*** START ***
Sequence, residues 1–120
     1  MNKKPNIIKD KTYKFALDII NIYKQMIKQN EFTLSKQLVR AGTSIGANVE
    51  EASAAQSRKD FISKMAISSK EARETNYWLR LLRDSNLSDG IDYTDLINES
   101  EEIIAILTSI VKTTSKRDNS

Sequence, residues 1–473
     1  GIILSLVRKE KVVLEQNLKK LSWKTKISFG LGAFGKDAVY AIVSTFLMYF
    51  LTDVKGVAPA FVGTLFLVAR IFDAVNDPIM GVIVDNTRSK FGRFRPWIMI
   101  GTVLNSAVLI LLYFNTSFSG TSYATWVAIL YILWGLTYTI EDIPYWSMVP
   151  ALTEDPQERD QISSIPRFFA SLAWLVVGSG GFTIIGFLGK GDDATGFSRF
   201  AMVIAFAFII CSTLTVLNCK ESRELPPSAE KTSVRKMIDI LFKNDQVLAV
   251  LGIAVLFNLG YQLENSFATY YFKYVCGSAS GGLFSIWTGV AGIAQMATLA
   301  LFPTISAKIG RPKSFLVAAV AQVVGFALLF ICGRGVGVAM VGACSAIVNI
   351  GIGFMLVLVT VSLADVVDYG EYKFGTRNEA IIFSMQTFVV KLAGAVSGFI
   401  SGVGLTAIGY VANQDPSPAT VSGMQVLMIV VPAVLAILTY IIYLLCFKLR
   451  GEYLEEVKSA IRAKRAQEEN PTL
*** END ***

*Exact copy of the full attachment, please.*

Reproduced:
Sequence, residues 1–120
     1  MNKKPNIIKD KTYKFALDII NIYKQMIKQN EFTLSKQLVR AGTSIGANVE
    51  EASAAQSRKD FISKMAISSK EARETNYWLR LLRDSNLSDG IDYTDLINES
   101  EEIIAILTSI VKTTSKRDNS

Sequence, residues 1–473
     1  GIILSLVRKE KVVLEQNLKK LSWKTKISFG LGAFGKDAVY AIVSTFLMYF
    51  LTDVKGVAPA FVGTLFLVAR IFDAVNDPIM GVIVDNTRSK FGRFRPWIMI
   101  GTVLNSAVLI LLYFNTSFSG TSYATWVAIL YILWGLTYTI EDIPYWSMVP
   151  ALTEDPQERD QISSIPRFFA SLAWLVVGSG GFTIIGFLGK GDDATGFSRF
   201  AMVIAFAFII CSTLTVLNCK ESRELPPSAE KTSVRKMIDI LFKNDQVLAV
   251  LGIAVLFNLG YQLENSFATY YFKYVCGSAS GGLFSIWTGV AGIAQMATLA
   301  LFPTISAKIG RPKSFLVAAV AQVVGFALLF ICGRGVGVAM VGACSAIVNI
   351  GIGFMLVLVT VSLADVVDYG EYKFGTRNEA IIFSMQTFVV KLAGAVSGFI
   401  SGVGLTAIGY VANQDPSPAT VSGMQVLMIV VPAVLAILTY IIYLLCFKLR
   451  GEYLEEVKSA IRAKRAQEEN PTL